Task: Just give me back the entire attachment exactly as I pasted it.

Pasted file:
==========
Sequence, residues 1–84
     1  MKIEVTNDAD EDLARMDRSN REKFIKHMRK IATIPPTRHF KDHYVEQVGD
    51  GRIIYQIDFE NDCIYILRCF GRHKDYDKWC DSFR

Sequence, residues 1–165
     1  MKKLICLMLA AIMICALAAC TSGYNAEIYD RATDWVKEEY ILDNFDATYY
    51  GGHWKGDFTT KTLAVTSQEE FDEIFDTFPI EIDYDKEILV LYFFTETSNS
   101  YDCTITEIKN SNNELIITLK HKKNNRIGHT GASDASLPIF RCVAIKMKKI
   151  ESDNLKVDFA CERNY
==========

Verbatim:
Sequence, residues 1–84
     1  MKIEVTNDAD EDLARMDRSN REKFIKHMRK IATIPPTRHF KDHYVEQVGD
    51  GRIIYQIDFE NDCIYILRCF GRHKDYDKWC DSFR

Sequence, residues 1–165
     1  MKKLICLMLA AIMICALAAC TSGYNAEIYD RATDWVKEEY ILDNFDATYY
    51  GGHWKGDFTT KTLAVTSQEE FDEIFDTFPI EIDYDKEILV LYFFTETSNS
   101  YDCTITEIKN SNNELIITLK HKKNNRIGHT GASDASLPIF RCVAIKMKKI
   151  ESDNLKVDFA CERNY